Author Archives: bcarter3

Charlie Palmer Steak — Lunch on 18 August 2017

2017 Summer Restaurant Weeks: Week Two, Day Five

Charlie Palmer Steak, a short walk from the Capitol, is made for power lunches. The number of fellow diners that you might recognize is directly proportional to the amount of time you spend watching C-Span.

The rooms are airy and beautiful. The food is first-rate.

Organic Pork and Beef Meatballs

Meatballs

A small serving of organic pork and beef meatballs, with house-made cavatelli pasta, roasted garlic marinara, pecorino, and oregano.

Beef Short Rib

Beef Short Rib

The beef short rib was glazed with smoked chili and citrus, and supported by olive oil crushed potatoes. I’d just had short rib at Honeysuckle a couple of days ago, and I was a little leery about ordering it again so soon. I’m glad I did. This combination really worked.

Dessert

Dessert

Lavender Pot De Creme, with a brown butter sable cookie. You could really taste the lavender.

All in all, a very good meal.

I’d planned on a visit to the nearby National Gallery after lunch, but the day was brutally hot, and I was full, so I made my way to the subway instead, went home, and took a long nap.


Inside Charlie Palmer Steak. Pictures from the Web.

Main Dining Room

Main Dining Room

Wine Racks over Interior Pond

Tadich Grill — Lunch on 17 August 2017

2017 Summer Restaurant Weeks: Week Two, Day Four

Tadich Grill, which traces its origins to the Gold Rush days of 1849, is a San Francisco institution. Just a few years ago, it opened its first offshoot, on Pennsylvania Avenue, here in Washington, DC. (In the above picture, the Brutalist building across the street from the restaurant is the FBI headquarters.)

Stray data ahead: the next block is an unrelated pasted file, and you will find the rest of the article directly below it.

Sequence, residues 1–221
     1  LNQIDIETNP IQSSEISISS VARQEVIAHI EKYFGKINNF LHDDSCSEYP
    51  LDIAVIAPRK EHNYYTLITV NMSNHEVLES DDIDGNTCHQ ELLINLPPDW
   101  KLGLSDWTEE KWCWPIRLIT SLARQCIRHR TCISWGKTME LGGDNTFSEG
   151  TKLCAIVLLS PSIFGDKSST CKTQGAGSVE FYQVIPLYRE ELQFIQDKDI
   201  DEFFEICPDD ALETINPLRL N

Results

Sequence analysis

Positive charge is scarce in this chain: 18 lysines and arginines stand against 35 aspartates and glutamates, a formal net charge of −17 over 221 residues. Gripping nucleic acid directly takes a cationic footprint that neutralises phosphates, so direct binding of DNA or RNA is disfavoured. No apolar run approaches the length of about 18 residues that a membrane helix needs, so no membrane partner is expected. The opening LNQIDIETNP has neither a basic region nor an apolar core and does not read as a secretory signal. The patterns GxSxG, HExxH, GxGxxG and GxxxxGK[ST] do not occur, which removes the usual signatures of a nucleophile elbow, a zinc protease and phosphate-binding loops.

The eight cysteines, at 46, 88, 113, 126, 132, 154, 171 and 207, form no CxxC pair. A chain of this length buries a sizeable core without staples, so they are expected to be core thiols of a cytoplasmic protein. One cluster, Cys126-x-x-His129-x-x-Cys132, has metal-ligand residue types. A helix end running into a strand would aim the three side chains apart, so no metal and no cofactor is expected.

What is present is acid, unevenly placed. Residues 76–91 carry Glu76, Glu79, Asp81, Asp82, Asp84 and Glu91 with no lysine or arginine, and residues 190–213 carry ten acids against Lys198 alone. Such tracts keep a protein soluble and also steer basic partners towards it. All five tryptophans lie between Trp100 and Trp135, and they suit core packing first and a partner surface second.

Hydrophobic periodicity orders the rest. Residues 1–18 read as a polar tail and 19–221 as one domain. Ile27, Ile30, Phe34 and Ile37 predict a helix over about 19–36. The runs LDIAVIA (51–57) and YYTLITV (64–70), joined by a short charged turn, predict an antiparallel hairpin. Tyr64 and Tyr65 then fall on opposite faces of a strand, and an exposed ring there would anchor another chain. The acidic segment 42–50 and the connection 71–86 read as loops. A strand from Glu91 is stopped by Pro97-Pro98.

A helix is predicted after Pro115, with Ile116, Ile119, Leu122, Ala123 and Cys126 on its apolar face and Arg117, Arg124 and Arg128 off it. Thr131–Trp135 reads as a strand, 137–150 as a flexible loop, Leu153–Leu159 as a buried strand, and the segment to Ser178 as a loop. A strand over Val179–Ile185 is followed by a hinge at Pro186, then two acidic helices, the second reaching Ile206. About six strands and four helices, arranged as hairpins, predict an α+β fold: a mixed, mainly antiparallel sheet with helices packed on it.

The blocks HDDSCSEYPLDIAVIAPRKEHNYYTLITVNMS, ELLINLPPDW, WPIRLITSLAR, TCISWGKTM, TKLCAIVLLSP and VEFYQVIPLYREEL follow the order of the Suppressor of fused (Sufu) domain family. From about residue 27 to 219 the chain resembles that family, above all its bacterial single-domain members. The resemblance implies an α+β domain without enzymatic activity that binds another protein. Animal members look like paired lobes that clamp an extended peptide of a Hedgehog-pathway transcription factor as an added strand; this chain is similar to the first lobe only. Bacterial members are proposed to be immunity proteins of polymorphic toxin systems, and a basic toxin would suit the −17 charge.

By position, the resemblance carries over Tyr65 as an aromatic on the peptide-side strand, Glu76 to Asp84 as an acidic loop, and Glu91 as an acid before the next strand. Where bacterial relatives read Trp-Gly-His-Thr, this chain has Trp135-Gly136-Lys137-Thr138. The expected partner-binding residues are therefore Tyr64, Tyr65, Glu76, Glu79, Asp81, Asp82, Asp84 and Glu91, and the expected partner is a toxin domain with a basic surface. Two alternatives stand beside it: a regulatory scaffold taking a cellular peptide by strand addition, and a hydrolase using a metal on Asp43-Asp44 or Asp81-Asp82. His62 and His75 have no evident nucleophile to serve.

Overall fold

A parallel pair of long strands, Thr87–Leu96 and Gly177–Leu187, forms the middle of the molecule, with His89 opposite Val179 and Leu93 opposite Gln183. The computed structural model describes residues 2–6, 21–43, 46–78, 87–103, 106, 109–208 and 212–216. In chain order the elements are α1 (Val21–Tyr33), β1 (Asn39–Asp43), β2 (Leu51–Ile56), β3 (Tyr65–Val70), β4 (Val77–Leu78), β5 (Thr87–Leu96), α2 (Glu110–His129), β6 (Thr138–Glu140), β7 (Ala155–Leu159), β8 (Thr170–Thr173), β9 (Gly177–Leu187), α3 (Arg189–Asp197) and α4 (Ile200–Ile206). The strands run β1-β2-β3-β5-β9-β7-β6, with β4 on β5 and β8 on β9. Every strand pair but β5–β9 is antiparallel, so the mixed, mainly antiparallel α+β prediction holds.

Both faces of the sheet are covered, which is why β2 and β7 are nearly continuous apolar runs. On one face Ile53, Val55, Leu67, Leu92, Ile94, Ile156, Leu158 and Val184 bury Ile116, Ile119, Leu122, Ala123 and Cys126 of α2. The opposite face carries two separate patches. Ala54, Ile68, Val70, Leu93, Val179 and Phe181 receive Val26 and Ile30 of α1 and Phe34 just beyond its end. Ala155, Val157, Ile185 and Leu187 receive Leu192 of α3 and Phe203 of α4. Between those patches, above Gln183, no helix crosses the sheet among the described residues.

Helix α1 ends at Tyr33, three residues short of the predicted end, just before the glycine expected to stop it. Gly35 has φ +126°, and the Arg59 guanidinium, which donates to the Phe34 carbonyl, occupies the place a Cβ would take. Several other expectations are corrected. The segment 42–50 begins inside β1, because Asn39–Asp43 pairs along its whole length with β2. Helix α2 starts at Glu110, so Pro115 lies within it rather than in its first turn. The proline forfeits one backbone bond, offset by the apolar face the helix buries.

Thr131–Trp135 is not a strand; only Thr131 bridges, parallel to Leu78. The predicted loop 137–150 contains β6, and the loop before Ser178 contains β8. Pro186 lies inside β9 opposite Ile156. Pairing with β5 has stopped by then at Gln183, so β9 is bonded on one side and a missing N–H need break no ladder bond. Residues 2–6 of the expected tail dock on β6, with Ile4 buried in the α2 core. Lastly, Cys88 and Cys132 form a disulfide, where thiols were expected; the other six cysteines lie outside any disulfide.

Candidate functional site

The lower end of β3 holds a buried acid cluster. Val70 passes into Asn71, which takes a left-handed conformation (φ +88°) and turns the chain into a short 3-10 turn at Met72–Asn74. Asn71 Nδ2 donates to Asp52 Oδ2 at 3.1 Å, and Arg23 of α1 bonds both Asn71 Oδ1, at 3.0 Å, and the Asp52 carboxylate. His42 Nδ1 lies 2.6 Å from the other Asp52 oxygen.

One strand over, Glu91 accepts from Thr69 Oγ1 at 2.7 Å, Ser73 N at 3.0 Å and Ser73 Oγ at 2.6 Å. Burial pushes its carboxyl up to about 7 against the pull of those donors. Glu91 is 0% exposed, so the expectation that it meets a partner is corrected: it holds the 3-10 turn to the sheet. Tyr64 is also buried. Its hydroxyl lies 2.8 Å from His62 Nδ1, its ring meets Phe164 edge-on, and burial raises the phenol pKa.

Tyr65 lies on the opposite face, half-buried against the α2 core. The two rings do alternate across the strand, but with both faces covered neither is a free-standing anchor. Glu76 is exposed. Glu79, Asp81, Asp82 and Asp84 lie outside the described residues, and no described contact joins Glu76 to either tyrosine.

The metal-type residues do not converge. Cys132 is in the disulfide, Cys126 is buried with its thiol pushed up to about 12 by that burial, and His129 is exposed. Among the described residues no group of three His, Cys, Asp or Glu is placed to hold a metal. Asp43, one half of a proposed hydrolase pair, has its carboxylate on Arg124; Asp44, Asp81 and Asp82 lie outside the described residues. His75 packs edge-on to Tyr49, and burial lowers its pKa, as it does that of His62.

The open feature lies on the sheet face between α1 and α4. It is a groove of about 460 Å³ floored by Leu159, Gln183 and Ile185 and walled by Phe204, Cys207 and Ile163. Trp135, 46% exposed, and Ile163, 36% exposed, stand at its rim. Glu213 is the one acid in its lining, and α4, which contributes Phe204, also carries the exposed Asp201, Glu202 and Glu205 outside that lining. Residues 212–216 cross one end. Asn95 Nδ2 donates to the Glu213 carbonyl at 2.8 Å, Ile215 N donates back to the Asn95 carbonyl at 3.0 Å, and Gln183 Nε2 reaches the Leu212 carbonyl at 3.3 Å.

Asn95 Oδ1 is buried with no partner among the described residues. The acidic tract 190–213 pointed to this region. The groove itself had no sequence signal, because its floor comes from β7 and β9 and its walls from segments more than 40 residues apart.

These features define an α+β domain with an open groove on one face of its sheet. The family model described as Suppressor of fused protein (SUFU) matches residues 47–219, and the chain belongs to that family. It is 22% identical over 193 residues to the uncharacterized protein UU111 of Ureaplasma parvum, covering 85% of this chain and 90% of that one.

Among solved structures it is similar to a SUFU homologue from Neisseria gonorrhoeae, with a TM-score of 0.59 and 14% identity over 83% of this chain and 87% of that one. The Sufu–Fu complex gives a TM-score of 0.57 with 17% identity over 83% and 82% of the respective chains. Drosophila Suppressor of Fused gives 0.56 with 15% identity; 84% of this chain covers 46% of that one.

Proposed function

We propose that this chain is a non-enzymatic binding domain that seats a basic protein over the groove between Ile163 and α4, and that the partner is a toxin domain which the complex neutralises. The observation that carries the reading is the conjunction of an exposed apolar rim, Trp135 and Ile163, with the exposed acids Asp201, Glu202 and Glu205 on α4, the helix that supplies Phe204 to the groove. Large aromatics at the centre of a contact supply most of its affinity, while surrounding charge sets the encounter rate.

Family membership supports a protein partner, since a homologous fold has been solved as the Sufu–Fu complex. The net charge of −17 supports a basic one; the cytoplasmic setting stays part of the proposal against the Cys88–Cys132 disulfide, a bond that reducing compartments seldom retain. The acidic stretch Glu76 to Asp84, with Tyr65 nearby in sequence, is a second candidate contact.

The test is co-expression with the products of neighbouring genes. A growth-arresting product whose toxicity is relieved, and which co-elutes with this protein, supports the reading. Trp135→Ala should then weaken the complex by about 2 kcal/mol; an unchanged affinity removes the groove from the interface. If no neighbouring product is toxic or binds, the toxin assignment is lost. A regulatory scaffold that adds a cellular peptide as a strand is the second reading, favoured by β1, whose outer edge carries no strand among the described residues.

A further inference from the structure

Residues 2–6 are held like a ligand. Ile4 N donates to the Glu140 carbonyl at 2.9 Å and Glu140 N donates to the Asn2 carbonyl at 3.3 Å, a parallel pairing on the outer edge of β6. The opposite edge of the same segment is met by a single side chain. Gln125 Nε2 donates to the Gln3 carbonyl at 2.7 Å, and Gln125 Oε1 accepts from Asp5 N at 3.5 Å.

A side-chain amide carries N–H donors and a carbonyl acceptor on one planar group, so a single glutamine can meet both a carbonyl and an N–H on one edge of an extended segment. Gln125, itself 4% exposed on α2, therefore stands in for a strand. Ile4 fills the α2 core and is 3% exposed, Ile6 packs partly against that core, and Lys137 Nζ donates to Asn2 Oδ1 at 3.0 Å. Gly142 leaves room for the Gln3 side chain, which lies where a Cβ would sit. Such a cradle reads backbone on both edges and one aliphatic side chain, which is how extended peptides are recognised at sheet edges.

OK, let’s get the quibbles out of the way first.

The salad was uninspired. It was a simple lettuce-tomato-cucumber combination that wouldn’t have been out of place in a college cafeteria. The dessert was a slim slice of carrot cake, not much thicker than a quarter. The service was friendly, but inattentive and glacial.

I didn’t much care. I was there for the Cioppino.

Cioppino

Cioppino

Cioppino is a classic, and Tadich Grill is famous for its execution.

This hot, spicy fish stew originated among Italian immigrant fishermen in San Francisco during the late 19th century. It’s the real San Francisco treat.

It contains pretty much everything:  Scallops, shrimp, crab, prawns, clams, and mussels. The sauce is made with tomatoes and wine.  It comes with two pieces of toasted garlic bread, which you can use to mop up the last few drops of the incredible sauce.

Tadich Grill’s Cioppino is about as close to perfect as a dish can be.

Honeysuckle — Lunch on 16 August 2017